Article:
University of Ottawa NMR Facility Web Site

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Thursday, August 14, 2008

Pulse Sequences to Minimize Acoustic Ringing

Acoustic ringing can be a real problem at low frequencies. Its effects can be minimized in a simple one-pulse spectrum by either throwing away the initial bad data and applying a large phase correction or by using backward linear prediction to calculate the lost data. There are a number of pulse techniques one can use when collecting the data to cancel out the ringing. Two such examples are shown in the figure below. The bottom spectrum is the result of a simple one pulse experiment. The middle spectrum was collected using Bruker's "aring" pulse program and the top spectrum was acquired using Bruker's "aring2" pulse program. In all three cases a simple Fourier transform was applied with exponential line broadening. The spectra were collected with the same number of scans on a 300 MHz instrument.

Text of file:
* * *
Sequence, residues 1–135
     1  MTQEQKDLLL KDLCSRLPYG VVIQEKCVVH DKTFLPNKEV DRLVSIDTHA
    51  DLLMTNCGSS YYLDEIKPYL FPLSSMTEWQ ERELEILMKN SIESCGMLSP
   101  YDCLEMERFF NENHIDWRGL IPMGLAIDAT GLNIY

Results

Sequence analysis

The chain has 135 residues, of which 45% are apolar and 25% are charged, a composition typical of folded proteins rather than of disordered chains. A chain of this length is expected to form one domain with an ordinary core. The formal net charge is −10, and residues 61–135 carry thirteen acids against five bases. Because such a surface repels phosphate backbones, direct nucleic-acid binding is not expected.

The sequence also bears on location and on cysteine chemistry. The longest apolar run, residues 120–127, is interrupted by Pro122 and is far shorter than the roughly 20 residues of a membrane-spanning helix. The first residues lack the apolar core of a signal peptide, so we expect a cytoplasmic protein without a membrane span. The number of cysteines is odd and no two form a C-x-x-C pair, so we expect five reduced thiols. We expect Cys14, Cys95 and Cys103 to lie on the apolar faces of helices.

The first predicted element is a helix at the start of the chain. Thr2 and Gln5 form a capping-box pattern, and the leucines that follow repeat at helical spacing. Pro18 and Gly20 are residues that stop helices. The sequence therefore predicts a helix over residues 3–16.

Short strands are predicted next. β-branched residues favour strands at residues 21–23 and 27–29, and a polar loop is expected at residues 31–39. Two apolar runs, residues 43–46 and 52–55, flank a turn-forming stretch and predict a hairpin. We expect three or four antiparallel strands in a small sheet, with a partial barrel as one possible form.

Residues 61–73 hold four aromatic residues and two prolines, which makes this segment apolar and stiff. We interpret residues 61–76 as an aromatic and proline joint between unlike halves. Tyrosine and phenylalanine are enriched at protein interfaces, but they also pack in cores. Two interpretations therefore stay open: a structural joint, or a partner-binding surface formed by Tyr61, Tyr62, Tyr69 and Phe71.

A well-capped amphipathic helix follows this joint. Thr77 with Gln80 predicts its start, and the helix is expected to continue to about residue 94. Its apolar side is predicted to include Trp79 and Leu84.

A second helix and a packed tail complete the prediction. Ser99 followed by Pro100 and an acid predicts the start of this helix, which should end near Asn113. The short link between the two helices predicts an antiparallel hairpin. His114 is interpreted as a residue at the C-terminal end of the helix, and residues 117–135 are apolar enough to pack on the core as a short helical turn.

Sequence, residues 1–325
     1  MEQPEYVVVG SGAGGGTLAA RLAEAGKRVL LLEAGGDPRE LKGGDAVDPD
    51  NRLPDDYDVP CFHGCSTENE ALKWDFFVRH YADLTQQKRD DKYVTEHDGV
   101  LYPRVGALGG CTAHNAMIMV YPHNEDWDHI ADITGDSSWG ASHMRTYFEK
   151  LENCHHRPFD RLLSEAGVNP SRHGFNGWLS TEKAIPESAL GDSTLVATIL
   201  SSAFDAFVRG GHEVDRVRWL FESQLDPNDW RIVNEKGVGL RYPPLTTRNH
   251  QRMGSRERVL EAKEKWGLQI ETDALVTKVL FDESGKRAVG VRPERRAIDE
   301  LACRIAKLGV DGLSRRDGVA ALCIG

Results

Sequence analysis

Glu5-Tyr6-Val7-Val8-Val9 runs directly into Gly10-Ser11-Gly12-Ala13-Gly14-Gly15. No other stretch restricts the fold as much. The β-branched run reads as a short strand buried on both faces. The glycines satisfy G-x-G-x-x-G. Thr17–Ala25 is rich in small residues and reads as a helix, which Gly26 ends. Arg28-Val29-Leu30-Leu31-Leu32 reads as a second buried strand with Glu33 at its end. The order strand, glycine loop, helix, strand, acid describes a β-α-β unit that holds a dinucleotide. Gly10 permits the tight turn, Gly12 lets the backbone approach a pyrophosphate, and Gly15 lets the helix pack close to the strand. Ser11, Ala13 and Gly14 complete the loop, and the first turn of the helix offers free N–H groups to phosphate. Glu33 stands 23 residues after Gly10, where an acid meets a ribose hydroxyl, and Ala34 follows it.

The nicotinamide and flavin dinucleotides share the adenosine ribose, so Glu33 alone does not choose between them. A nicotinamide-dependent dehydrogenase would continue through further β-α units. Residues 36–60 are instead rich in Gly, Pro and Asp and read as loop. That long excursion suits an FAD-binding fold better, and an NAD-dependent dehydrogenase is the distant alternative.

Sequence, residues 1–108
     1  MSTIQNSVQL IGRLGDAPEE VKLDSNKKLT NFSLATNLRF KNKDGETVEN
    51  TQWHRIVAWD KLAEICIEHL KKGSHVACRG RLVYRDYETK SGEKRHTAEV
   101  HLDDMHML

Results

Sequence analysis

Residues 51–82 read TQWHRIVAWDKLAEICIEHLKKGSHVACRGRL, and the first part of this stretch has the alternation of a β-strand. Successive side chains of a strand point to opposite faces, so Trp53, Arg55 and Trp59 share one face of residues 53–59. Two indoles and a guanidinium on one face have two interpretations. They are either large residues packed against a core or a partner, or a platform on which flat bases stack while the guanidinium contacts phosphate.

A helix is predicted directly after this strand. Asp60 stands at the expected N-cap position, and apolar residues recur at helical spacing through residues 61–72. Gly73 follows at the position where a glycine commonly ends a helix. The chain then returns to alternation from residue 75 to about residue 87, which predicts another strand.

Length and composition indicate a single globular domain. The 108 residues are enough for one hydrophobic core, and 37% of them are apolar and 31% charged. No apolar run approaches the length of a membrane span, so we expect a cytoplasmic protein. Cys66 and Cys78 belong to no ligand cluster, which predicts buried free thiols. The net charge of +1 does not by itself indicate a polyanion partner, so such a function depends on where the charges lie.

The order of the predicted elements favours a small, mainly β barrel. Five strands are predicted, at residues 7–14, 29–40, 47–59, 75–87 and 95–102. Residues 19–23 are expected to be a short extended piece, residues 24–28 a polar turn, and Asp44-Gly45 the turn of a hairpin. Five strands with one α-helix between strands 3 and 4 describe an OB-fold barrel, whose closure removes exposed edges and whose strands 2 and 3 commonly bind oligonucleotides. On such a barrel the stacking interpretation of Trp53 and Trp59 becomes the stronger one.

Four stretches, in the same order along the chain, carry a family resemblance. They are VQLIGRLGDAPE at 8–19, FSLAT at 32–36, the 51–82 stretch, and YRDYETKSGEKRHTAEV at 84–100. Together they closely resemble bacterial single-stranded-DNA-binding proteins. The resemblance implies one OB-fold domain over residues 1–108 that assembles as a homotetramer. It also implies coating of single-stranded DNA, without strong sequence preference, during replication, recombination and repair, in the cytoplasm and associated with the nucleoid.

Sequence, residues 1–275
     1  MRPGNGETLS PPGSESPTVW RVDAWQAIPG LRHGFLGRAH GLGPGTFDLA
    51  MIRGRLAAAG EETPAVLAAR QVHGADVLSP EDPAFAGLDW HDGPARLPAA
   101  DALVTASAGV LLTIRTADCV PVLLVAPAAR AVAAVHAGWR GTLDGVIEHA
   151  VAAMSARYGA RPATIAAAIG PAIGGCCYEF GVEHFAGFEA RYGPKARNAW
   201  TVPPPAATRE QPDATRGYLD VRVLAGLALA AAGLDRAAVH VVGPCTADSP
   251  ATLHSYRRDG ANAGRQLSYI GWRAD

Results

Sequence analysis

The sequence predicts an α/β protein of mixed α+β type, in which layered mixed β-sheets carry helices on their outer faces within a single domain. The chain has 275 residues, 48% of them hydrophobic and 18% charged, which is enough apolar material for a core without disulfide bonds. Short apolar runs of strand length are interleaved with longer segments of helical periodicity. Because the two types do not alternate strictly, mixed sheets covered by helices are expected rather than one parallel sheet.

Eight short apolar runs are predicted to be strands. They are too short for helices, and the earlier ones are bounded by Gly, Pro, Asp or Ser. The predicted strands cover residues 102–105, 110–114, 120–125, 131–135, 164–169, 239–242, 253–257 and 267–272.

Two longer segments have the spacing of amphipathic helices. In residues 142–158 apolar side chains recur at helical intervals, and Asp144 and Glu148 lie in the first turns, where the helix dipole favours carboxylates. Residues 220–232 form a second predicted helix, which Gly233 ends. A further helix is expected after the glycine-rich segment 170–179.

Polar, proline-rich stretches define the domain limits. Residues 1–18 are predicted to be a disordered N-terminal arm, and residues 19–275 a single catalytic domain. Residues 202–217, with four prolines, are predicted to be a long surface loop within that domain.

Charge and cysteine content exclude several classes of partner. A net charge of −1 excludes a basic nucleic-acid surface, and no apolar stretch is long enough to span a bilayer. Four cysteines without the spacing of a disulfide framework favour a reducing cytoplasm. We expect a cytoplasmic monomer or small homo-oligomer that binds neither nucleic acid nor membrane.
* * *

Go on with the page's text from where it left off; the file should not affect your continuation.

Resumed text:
3 comments:

Bernie O'Hare said...

You may also try increasing the acquisition delay (ad for Varian I believe and de for Bruker) from a standard 6 usec to 20-40 usec. This way you can allow the electronic ringing to subside a bit before opening up the receiver. This of course may also introduce large first order phase offsets.

Anonymous said...

Hi,

Your blog is awesome! Very useful.

What is the frequency range of acoustic ringing. Does it depend on the material?

Steve P.

Glenn Facey said...

Steve,

Thank you for your question. The acoustic frequencies are much lower than the rf frequency and mechanical in nature as a result of the forces generated by putting current through devices in a strong magnetic field. I'm not sure what is the precise range of frequencies. The acoustic ringing disappears when the probe is removed from the magnet. It does not depend on your sample but rather the materials and construction of the NMR probe.

Glenn